Also, if you’ve read this far, I have a confession. Project Gutenberg posted “General Smith’s Views on the Powers and Policy of the Government of the United States,” a new work we’ve done, a while ago. They’ve also just posted William Clayton’s JournalMy First Mission by George Q. Cannon, and Essentials in Church History by Joseph Fielding Smith, which were previously available on the old MTP site but never got posted to PG before. All of these are now linked in the Available Texts section, and each will get its own full release announcement-style post on a coming Saturday, in an effort to spread the publicity out a bit. Going forward, I expect to continue this pattern; I will only formally announce multiple releases per week if we’re many weeks ahead, but I will try to keep Available Texts up-to-date even if the announcements are dragging a bit.

New Release: “Absurdities of Immaterialism” by Orson Pratt

In this pamphlet (available at PG here), Orson Pratt claims to be more scientific, more philosophical, and more religious than the “atheistical idolators” who worship an “immaterial god” or “deified Nothing,” i. e., basically every non-Mormon Christian.

With that introductory sentence, perhaps now is a good time for a disclaimer–Orson Pratt was a brilliant intellectual, but also a doctrinal loose cannon. Brigham Young officially condemned some of his doctrine, including much of what he proposes in this pamphlet. So, this should all be taken with a hefty grain of salt.

This pamphlet was a refutation of “The Materialism of the Mormons or Latter-Day Saints, Examined and Exposed,” which condemned the Church for its materialist belief. The relevant doctrine is stated in Doctrine and Covenants Section 131:7-8:

There is no such thing as immaterial matter. All spirit is matter, but it is more fine or pure, and can only be discerned by purer eyes; We cannot see it; but when our bodies are purified we shall see that it is all matter.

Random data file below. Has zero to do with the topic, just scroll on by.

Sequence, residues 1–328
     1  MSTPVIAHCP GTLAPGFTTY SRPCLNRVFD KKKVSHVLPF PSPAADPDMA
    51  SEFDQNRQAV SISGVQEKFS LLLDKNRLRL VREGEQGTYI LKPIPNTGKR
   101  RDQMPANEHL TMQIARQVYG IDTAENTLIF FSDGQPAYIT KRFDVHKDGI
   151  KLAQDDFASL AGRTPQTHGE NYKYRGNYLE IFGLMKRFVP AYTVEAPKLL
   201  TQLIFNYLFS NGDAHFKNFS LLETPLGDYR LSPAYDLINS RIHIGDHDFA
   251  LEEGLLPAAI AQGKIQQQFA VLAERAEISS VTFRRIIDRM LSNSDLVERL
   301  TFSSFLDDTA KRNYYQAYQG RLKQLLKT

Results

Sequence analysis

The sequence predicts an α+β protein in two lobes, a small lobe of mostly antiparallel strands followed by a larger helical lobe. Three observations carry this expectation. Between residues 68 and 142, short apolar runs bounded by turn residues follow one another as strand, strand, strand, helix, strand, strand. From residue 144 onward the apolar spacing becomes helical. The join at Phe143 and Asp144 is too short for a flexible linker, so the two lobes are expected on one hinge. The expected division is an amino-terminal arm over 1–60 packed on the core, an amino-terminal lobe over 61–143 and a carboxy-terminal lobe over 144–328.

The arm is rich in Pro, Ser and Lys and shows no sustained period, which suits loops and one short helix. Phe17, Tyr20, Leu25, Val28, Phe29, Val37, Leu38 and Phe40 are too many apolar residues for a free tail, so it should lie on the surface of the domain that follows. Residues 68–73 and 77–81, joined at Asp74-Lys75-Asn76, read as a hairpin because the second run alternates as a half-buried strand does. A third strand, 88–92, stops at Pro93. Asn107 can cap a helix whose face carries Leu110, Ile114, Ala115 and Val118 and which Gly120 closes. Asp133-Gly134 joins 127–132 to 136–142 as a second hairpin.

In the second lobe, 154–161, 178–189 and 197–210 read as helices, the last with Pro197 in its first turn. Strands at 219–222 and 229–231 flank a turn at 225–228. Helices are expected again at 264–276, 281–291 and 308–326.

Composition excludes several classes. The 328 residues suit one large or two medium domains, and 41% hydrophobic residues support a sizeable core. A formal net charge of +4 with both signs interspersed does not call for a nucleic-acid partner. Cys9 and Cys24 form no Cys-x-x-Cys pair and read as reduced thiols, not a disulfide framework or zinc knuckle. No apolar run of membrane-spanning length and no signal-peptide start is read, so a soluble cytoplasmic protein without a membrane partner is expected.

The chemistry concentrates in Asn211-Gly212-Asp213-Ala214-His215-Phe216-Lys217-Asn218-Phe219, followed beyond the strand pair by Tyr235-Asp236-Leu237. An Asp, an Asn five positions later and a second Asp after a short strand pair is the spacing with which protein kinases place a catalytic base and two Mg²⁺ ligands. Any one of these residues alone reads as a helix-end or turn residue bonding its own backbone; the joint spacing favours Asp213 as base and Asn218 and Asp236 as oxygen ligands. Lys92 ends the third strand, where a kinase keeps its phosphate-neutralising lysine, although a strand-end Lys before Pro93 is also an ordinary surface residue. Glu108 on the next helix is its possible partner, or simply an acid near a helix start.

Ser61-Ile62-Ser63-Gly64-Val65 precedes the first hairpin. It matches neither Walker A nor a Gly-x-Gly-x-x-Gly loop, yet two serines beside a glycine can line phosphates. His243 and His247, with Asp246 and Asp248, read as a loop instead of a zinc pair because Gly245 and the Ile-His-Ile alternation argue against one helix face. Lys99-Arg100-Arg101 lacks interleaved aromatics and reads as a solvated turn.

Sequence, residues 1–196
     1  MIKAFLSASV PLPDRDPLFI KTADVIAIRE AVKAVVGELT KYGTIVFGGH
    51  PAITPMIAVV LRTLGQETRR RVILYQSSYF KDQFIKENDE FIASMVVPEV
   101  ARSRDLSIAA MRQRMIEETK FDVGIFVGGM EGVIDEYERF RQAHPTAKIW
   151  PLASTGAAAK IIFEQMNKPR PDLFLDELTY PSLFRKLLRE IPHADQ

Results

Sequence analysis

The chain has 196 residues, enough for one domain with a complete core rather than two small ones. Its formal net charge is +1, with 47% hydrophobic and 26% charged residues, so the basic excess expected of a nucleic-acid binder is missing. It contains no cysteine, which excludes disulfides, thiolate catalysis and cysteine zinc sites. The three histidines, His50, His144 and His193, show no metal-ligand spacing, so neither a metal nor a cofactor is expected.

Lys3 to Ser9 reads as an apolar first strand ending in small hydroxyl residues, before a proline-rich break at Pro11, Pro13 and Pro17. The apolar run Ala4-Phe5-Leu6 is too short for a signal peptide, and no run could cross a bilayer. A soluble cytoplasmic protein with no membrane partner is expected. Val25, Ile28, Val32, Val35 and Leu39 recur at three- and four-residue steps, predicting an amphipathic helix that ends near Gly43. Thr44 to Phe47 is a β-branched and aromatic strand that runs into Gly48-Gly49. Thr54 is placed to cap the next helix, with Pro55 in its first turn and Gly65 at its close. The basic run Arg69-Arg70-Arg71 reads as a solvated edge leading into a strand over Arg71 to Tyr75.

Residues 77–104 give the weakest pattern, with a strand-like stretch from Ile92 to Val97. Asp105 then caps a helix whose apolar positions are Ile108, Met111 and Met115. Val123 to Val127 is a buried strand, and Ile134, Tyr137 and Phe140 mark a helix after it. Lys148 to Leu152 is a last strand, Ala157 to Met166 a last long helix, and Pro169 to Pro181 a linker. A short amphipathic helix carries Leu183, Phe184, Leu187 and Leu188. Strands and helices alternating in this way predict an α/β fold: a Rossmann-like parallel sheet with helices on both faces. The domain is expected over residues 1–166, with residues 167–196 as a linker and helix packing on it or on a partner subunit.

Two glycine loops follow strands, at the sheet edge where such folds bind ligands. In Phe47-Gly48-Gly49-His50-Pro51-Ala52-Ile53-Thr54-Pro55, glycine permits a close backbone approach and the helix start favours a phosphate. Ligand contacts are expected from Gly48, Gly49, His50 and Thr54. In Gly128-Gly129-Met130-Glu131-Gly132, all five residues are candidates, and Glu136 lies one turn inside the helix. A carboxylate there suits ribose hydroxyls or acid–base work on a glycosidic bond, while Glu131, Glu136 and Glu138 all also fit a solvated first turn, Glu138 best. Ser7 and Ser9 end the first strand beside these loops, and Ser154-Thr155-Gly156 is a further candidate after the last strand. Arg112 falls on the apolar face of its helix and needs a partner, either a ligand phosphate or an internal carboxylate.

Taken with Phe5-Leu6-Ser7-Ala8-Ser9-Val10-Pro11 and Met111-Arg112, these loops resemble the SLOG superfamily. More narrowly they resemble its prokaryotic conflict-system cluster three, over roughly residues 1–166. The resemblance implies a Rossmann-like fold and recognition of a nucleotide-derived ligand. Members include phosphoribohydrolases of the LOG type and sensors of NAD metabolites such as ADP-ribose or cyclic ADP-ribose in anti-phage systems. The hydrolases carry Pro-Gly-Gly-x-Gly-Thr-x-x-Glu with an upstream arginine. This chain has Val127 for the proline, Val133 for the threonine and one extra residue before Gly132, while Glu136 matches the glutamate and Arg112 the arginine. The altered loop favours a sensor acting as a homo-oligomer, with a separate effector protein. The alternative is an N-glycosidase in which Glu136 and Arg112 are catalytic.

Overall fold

This is obviously conflicts with the typical view that God is a completely immaterial spiritual being without body, parts, or passions. It also seems to have some philosophical significance regarding the nature of reality. Spirits, since they are “material,” seem to be more similar to material human beings (bound by laws, composed of a more or less fixed set of components, characterized by layers of complexity) than to, say, platonic forms (ineffable, ideal philosophical concepts). This doctrine also seems to be relatively compatible with a worldview based in the scientific method and incompatible with a worldview based in Plato, the Nicene Creed, etc.

Orson Pratt is fun because he is completely unafraid of all this. He’s enthusiastic about how compatible his beliefs are with the science of his day and the best related philosophy, and he’s prepared to grapple with what it all means. For example, he considers what “no immaterial matter” means for the Holy Spirit:

All the innumerable phenomena of universal nature are produced in their origin by the actual presence of this intelligent all-wise and all-powerful material substance called the Holy Spirit. It is the most active matter in the universe, producing all its operations according to fixed and definite laws enacted by itself, in conjunction with the Father and the Son. What are called the laws of nature are nothing more nor less than the fixed method by which this spiritual matter operates. Each atom of the Holy Spirit is intelligent, and like other matter has solidity, form, and size, and occupies space. Two atoms of this spirit cannot occupy the same space at the same time. In all these respects it does not differ in the least from all other matter. Its distinguishing characteristics from other matter are its almighty powers and infinite wisdom, and many other glorious attributes which other materials do not possess.

Is this true? Who knows. Is it established doctrine? Obviously not. Should anyone ever publish anything remotely like this in a public or missionary setting? No. But it’s refreshing to see how Orson Pratt was unafraid to take the best science and philosophy of his day and let it strengthen and work with his faith. He was intellectually humble enough to accept knowledge from all quarters and curious enough to poke at the boundaries, and arguably began a tradition of scientific faith later continued by Talmage, Widtsoe, Henry Eyring, and others to the present day.

So, in summary, “Absurdities of Immaterialism” is significant because it’s part of the great tradition of reconciling Mormonism with science and philosophy, and it’s worth reading not so much to see what Orson Pratt thought as to see how he thought.